The Agenda

Rick Perry’s MAXTAX vs. Stephen Moore’s MAXTAX

In the latest Wall Street Journal, Rick Perry offers his tax proposal. It is an embarrassment. Though there is more to Perry’s op-ed, I’ll limit my discussion (for now) to his reform of the personal income tax: 


The plan starts with giving Americans a choice between a new, flat tax rate of 20% or their current income tax rate. The new flat tax preserves mortgage interest, charitable and state and local tax exemptions for families earning less than $500,000 annually, and it increases the standard deduction to $12,500 for individuals and dependents.

This simple 20% flat tax will allow Americans to file their taxes on a postcard, saving up to $483 billion in compliance costs. By eliminating the dozens of carve-outs that make the current code so incomprehensible, we will renew incentives for entrepreneurial risk-taking and investment that creates jobs, inspires Americans to work hard and forms the foundation of a strong economy. My plan also abolishes the death tax once and for all, providing needed certainty to American family farms and small businesses.

The claim regarding compliance costs is absurd, as Americans will presumably have to determine their tax liability under the current tax code and under Rick Perry’s new “flat” tax code. Unlike the Hall-Rabushka flat tax, it arbitrarily preserves various exemptions and deductions for households earning less than $500,000. 

Basically, everyone who pays less under the current tax code will choose Door No. 1 and everyone who would pay less under Rick Perry’s new alternative tax code will choose Door No. 2. Rick Perry’s proposal is not a flat tax. Rather, it is an alternative maximum tax or MAXTAX. 

Back in 1996, Stephen Moore, now a member of the Wall Street Journal editorial board, proposed a MAXTAX. Moore’s proposal was in every respect more attractive than Perry’s:

The feature that is missing from the flat tax is the right to choose. If some Americans don’t want to give up the current system, why force them to? Why not allow every taxpayer to choose between the current income tax system or an alternative post maximum tax (MAXTAX) with a flat rate of 25 percent of gross income that could be filled out on a postcard return? Only one deduction would be permitted under the MAXTAX: a credit for the payroll tax paid–7.65 percent for a salaried worker and 15.3 percent for a self-employed worker.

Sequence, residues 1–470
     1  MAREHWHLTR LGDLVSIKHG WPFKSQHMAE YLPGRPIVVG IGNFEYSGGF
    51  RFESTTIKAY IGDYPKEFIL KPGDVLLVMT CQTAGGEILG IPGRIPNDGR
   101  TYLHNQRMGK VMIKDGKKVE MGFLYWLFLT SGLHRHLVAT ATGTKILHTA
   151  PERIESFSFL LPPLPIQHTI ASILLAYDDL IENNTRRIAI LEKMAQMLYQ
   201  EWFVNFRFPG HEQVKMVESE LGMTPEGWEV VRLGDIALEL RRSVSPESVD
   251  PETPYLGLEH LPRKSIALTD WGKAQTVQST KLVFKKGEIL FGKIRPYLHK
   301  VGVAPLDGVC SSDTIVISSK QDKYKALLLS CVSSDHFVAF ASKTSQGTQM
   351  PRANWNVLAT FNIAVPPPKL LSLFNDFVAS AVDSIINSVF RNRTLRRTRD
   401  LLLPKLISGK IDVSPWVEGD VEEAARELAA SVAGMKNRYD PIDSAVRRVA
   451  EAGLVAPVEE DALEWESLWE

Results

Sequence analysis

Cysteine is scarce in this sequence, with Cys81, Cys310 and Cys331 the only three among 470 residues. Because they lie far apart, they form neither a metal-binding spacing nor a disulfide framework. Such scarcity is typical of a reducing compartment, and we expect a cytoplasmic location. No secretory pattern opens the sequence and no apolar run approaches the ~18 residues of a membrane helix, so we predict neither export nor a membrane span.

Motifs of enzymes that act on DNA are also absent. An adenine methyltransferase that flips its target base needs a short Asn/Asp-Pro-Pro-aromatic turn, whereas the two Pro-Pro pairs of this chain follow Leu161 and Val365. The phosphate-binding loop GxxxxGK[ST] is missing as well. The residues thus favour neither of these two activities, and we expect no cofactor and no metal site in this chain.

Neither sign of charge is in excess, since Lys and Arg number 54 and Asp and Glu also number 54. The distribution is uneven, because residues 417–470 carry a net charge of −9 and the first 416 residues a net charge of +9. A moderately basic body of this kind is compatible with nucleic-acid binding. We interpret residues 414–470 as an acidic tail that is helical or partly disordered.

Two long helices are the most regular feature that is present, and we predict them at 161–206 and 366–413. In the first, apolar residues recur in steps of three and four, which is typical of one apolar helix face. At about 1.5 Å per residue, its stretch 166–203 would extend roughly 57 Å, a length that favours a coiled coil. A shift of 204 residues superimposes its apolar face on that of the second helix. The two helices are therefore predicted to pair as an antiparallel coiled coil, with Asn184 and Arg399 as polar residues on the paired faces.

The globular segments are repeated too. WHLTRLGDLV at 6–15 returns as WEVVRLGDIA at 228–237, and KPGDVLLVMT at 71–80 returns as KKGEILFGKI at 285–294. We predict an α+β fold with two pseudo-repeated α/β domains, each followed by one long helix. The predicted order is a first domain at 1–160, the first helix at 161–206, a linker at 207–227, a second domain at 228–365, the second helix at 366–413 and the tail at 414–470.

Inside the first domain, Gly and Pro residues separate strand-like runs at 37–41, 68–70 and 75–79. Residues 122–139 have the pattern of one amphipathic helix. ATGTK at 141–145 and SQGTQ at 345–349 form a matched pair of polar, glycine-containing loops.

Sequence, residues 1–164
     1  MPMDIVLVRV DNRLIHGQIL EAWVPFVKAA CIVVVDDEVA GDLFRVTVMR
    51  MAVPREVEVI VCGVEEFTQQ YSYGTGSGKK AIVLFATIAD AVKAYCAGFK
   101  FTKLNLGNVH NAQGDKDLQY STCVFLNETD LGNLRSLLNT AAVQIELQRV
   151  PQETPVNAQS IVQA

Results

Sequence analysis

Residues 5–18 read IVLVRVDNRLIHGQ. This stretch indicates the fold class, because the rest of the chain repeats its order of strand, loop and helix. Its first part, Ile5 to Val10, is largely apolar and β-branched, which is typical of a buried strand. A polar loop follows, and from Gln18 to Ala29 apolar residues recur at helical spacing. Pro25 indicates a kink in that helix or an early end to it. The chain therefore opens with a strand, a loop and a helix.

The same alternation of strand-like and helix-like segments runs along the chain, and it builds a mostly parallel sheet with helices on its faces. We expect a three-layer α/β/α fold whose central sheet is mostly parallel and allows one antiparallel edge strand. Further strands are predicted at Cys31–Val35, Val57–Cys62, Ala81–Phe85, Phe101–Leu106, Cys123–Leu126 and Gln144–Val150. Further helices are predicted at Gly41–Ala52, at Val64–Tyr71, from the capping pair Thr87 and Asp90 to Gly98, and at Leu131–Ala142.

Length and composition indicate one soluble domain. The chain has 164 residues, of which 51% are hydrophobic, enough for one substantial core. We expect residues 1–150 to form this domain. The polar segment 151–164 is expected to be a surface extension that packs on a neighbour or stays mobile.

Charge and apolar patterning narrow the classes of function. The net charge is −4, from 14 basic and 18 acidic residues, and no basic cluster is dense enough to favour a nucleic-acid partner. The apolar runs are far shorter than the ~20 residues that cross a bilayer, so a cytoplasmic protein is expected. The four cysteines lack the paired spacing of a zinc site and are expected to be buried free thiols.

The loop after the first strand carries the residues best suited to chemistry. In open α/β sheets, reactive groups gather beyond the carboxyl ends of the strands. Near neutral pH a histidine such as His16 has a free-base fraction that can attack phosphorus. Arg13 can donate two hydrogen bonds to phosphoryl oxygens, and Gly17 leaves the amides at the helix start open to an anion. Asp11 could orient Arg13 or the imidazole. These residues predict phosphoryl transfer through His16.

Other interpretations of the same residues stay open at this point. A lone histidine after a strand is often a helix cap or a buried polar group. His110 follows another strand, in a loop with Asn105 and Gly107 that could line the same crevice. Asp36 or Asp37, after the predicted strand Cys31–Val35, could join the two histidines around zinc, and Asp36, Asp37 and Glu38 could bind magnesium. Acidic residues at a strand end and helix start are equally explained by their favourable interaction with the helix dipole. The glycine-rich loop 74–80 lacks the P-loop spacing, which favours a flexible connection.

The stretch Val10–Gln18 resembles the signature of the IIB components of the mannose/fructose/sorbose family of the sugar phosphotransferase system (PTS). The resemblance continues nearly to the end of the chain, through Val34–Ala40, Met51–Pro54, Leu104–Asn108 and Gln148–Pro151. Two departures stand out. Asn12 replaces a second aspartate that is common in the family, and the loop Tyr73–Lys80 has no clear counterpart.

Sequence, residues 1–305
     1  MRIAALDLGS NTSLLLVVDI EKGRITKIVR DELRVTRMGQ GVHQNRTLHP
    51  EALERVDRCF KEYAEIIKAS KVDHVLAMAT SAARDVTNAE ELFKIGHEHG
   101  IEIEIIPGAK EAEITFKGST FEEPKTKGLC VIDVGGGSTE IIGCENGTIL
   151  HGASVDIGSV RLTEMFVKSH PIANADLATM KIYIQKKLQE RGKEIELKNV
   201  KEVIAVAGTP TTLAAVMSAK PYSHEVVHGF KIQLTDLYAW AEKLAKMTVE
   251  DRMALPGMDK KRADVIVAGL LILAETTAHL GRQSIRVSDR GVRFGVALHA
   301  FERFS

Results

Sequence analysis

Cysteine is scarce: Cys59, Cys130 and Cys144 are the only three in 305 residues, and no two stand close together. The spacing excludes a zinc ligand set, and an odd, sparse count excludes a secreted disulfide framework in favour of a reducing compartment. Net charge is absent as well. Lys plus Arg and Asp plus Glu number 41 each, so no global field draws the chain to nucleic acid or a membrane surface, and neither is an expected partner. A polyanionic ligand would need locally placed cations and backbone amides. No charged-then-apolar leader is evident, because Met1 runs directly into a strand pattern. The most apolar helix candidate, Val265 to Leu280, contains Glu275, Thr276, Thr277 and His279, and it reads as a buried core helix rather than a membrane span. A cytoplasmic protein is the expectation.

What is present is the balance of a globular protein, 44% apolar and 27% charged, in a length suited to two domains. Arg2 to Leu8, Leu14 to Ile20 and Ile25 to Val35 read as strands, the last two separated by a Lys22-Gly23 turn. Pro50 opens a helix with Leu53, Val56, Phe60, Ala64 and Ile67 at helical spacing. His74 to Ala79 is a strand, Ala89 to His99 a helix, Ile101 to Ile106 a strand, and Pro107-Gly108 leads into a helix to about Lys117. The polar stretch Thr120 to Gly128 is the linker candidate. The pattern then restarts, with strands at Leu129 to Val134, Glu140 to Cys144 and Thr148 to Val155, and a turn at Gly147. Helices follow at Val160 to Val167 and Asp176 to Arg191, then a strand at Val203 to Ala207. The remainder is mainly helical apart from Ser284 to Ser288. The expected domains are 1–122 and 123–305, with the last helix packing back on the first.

See that? Moore eliminated virtually all exemptions and deductions, leaving only a credit for payroll tax paid. And on top of that, his rate is considerably higher than Perry’s. Moreover, Moore doesn’t pretend that a MAXTAX would eliminate compliance costs. He only claims that it might lower than considerably, perhaps in acknowledgment of the fact that most households would have to compute their liability under both codes.

Essentially, what Perry has done is reverse the Buffett Rule. He has guaranteed that no American will ever pay more than 20 percent of her income in federal taxes. Indeed, affluent homeowners living in high-tax jurisdictions like New York city and Los Angeles earning up $499,000 will likely pay much less than that, as they’ll continue to have access to the mortgage interest, charitable and state and local tax exemptions. Under Moore’s MAXTAX, these households would be treated the same as affluent households in Houston or Palm Beach or Clinton, Iowa who for whatever reason (good sense?) choose to purchase less expensive homes. 

This plan defies credulity. One is reminded of Tim Pawlenty’s tax and spending proposals, released shortly before he dropped out of the race for the Republican presidential nomination. The difference is that Perry has managed to raise a considerable sum of money. One wonders how much of it comes from various friends and allies who have been beneficiaries of the Texas Emerging Technology Fund, and whether the Obama campaign might see fit to mention that fact if Perry does indeed secure the Republican presidential nomination. 

P.S. Some of our readers apparently believe that it is right and appropriate that affluent Manhattanites pay less in federal income taxes than affluent Houstonians earning the same amount of money in any given year. I respectfully disagree. In my view, there is no bedrock conservative principle that states that high-tax states should be rewarded for maintaining a high tax burden, particularly since this tends to facilitate the extraction of rents from immobile taxpayers.

Reihan Salam — Reihan Salam is executive editor of National Review and a National Review Institute policy fellow.

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